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Lowering The Drinking Age To 18.

1344 words - 5 pages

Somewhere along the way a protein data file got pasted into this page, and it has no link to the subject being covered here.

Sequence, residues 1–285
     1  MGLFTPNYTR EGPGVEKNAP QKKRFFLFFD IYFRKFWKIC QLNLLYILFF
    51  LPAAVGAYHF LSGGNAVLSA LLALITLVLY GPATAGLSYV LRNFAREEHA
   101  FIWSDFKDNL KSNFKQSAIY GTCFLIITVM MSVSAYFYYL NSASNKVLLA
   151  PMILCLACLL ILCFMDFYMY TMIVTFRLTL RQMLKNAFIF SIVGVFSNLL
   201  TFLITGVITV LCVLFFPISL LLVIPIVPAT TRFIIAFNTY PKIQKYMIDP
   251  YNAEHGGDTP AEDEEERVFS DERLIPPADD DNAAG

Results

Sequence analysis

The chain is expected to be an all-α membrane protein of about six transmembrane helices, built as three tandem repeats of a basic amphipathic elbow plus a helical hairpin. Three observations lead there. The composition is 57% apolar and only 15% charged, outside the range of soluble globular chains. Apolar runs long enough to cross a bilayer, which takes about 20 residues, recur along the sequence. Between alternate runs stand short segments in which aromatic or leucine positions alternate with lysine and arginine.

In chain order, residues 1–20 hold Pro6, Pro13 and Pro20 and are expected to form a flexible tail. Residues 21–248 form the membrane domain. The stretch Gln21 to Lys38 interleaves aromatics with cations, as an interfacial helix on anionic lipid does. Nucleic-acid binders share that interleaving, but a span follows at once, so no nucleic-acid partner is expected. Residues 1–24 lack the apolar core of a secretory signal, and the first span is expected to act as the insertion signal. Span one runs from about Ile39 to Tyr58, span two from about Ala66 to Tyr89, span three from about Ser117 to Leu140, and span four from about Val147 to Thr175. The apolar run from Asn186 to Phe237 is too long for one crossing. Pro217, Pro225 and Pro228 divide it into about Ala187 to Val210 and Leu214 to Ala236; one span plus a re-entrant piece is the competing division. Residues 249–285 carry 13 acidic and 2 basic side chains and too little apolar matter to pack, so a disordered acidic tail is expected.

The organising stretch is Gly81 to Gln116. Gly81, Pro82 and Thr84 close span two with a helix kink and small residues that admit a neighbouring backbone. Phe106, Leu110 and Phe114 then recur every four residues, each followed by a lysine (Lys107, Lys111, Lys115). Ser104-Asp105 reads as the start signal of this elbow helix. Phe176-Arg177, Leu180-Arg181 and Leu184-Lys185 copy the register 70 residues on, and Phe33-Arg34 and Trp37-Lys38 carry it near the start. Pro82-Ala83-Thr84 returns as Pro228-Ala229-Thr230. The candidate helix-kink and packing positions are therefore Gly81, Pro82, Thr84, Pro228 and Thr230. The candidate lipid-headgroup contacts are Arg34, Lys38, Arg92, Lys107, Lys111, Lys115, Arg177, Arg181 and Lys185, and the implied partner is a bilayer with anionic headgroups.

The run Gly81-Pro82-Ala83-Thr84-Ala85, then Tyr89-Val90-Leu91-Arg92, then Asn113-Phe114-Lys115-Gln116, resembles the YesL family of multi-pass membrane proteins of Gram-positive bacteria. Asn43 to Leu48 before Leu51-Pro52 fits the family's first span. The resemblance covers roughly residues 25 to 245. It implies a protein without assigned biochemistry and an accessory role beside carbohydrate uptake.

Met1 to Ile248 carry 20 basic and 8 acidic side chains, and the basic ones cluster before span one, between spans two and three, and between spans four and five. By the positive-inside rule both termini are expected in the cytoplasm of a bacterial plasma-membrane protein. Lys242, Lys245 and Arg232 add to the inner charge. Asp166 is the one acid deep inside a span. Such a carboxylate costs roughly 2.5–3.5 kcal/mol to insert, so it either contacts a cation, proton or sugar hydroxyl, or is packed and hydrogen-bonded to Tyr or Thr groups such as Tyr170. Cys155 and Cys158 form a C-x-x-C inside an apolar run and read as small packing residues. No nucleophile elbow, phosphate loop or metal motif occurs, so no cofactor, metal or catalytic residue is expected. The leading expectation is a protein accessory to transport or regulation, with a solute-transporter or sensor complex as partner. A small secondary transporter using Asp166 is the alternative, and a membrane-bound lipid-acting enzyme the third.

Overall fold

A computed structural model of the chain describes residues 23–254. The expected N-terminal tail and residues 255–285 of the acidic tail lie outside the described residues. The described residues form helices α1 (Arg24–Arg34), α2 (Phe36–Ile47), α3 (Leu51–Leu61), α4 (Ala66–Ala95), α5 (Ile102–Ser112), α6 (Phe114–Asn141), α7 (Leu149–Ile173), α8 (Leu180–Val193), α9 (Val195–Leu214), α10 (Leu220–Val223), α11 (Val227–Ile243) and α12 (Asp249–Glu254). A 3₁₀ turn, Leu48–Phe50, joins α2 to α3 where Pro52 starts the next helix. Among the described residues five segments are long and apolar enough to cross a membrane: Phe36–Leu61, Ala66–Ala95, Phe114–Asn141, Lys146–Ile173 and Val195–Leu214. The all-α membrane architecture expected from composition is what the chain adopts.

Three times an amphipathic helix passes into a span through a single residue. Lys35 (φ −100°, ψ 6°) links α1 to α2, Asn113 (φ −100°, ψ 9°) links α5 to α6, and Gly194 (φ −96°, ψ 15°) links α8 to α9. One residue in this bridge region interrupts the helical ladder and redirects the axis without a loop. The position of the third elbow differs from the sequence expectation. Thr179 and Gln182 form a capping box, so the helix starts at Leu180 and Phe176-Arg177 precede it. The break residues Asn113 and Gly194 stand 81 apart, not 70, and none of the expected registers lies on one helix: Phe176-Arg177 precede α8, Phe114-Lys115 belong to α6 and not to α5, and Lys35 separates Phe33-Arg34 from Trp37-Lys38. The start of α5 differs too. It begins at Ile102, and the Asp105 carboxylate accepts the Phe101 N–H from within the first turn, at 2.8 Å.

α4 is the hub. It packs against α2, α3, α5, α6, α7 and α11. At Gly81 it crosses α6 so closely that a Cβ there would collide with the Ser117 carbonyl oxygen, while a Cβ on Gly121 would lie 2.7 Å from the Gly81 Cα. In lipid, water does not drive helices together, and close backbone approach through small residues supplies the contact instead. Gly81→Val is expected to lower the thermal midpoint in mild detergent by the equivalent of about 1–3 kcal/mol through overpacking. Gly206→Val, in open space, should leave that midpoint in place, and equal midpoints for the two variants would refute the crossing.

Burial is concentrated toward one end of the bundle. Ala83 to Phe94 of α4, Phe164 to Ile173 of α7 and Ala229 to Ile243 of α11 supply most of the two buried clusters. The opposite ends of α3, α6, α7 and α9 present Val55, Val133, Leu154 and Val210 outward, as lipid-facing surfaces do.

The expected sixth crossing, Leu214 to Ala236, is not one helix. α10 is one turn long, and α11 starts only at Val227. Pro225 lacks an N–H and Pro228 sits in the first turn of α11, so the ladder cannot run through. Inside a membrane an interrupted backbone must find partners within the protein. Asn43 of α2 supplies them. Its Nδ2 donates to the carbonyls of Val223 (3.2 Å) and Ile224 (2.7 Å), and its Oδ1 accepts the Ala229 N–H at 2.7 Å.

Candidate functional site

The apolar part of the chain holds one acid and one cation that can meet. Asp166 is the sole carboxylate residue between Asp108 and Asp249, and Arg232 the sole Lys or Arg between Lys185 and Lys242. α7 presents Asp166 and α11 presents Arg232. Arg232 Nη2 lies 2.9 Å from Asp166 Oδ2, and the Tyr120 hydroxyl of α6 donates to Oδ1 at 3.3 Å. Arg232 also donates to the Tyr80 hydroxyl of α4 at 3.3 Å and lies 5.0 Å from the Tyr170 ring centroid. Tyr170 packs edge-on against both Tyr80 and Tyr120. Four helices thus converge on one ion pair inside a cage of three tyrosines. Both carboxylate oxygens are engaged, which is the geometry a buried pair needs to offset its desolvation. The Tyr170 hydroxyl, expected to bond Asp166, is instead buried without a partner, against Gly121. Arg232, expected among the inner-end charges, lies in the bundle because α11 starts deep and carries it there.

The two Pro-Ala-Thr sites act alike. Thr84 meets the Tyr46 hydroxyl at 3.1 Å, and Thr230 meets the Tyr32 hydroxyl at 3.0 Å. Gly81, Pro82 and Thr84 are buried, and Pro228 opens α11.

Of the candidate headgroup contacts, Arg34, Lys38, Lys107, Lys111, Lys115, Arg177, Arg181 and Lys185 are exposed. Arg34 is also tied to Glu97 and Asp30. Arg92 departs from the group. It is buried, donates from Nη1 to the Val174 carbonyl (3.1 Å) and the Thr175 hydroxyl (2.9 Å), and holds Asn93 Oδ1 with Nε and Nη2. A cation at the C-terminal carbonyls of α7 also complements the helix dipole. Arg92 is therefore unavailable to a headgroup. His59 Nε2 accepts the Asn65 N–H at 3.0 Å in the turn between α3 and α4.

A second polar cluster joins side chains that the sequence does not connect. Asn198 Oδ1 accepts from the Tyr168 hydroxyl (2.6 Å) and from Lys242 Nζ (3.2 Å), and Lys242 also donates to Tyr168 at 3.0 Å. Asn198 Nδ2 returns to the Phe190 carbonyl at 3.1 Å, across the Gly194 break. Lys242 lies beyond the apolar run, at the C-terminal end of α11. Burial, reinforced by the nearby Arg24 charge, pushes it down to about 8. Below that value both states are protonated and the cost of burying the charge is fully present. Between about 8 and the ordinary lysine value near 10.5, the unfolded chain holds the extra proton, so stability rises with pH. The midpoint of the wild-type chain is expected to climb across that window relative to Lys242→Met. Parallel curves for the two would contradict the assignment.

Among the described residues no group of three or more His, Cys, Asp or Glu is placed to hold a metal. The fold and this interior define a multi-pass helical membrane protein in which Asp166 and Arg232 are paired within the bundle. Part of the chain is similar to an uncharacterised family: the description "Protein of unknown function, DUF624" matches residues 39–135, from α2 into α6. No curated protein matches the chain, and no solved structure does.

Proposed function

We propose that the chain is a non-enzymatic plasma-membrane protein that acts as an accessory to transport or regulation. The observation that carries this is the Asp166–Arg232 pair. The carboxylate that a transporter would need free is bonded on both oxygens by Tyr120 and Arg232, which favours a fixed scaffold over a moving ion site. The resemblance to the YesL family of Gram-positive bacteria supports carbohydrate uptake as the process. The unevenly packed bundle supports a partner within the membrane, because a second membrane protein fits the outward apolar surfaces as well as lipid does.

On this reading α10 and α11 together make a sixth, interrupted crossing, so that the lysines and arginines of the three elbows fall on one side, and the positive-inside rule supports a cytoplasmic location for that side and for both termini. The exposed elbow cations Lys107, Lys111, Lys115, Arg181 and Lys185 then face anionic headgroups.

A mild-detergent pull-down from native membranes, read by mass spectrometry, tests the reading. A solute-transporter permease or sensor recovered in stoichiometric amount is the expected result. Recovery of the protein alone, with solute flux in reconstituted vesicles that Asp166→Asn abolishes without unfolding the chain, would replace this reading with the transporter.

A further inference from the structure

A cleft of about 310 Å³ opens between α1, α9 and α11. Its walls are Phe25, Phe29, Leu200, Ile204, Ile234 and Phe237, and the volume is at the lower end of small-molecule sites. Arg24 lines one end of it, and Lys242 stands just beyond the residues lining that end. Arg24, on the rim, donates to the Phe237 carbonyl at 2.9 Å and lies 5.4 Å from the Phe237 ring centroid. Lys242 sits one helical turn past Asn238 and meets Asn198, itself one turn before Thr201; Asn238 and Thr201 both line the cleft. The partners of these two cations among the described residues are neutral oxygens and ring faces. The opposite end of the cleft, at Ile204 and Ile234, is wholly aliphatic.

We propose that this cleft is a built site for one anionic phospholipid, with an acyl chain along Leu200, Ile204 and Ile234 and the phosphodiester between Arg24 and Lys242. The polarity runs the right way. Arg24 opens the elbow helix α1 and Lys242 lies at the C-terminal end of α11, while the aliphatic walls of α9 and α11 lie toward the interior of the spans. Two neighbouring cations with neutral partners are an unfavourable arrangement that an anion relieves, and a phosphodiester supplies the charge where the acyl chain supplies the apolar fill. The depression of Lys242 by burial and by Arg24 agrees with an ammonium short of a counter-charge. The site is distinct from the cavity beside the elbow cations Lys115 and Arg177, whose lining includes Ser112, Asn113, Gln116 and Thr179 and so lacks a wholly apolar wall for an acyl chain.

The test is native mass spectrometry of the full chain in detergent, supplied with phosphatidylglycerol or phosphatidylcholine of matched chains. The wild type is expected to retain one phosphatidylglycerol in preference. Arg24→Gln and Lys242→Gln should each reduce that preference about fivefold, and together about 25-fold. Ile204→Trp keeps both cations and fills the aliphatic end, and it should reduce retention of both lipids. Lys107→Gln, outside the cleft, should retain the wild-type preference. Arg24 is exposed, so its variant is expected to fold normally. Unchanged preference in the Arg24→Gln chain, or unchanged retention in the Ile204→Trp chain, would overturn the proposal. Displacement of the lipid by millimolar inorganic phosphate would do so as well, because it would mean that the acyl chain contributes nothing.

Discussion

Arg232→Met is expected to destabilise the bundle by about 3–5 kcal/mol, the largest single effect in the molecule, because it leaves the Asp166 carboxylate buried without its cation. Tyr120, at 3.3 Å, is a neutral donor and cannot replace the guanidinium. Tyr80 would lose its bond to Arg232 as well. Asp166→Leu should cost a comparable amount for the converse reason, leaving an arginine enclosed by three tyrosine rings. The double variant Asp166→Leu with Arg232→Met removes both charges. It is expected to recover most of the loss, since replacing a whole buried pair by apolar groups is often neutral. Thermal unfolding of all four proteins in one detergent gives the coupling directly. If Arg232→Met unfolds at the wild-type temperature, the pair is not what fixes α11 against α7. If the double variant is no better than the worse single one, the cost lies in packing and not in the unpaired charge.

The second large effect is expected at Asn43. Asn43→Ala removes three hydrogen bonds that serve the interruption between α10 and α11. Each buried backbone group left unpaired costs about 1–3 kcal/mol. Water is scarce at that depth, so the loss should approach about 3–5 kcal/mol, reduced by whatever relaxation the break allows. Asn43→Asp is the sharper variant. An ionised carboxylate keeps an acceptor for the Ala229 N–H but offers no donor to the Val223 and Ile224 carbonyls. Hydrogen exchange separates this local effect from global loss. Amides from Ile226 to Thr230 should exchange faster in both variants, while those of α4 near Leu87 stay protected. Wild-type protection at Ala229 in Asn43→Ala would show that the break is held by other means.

Minimum Legal Drinking AgeThe Minimum Legal Drinking Age (MLDA) has been a controversial issue ever since the 1850's. The reason I chose to research this topic was to discover the pros and cons of lowering the legal drinking age to 18. Many people I know are very interested in such a change, but what the facts stated in my research may change their opinions slightly. In this report I will discuss the facts and fiction of this debate, and both sides of the argument to lower or even raise the MLDA.Following the end of Prohibition, each State developed its own set of policies to regulate the distribution, sale, and consumption of alcohol. In addition to the MLDA, examples of other alcohol control policies include excise taxes, restrictions on hours and days of sales, and server training. "The law's goal, of course, was to make young people happier, healthier, and safer." (Smith, 1999) Many of these other alcohol policies have only recently been evaluated. Of all the alcohol control policies, MLDA policy has been the most studied. Since the 1970's, at least 70 studies have explicitly examined the effects of either increases or decreases in the MLDA. The MLDA policies may have been evaluated sooner and more often for a variety of reasons, including growing concern about youth drinking and driving, availability of traffic crash history, the fact that many States first lowered, then raised, their MLDA's, and the effect of the change with the different MLDA's. After all the study over the MLDA, no changes have been made at the present time. It is still in constant debate whether the age should be raised or even possibly lowered.Beer is the alcoholic beverage of choice for most youth. As a result, reduced rates of alcohol among youth after the MLDA was increased were primarily evident in decreased rates of beer consumption. Rates of wine and distilled alcohol use among youth did not change dramatically following the rise in the MLDA. Opponents of the age 21 MLDA believe that even if a higher MLDA reduced alcohol use among minors, drinking rates and alcohol-related problems would surge among those age 21 and older. They believe that when youth turned 21, they would drink to "make up for lost time" and thus drink at higher rates than they would had they been allowed to drink alcohol at an earlier age. Even though the MLDA has been 21 for many years, minors continue to consume alcohol, and do so in an irresponsible manner. "This is largely because drinking is seen by these youth as an enticing "forbidden fruit," a "badge of rebellion against authority," and a symbol of adulthood. (Dr. Engs, 1)Through all the years of debate and legislation, including the 1920's Prohibition of alcohol, drinking by minors remains evident and going strong. So the argument is for most opponents of the age 21 MLDA that if it cannot be stopped, why not let it continue legally. "For most purposes today, we treat 18-year-olds as adults. They can vote for President, fire a rifle for...

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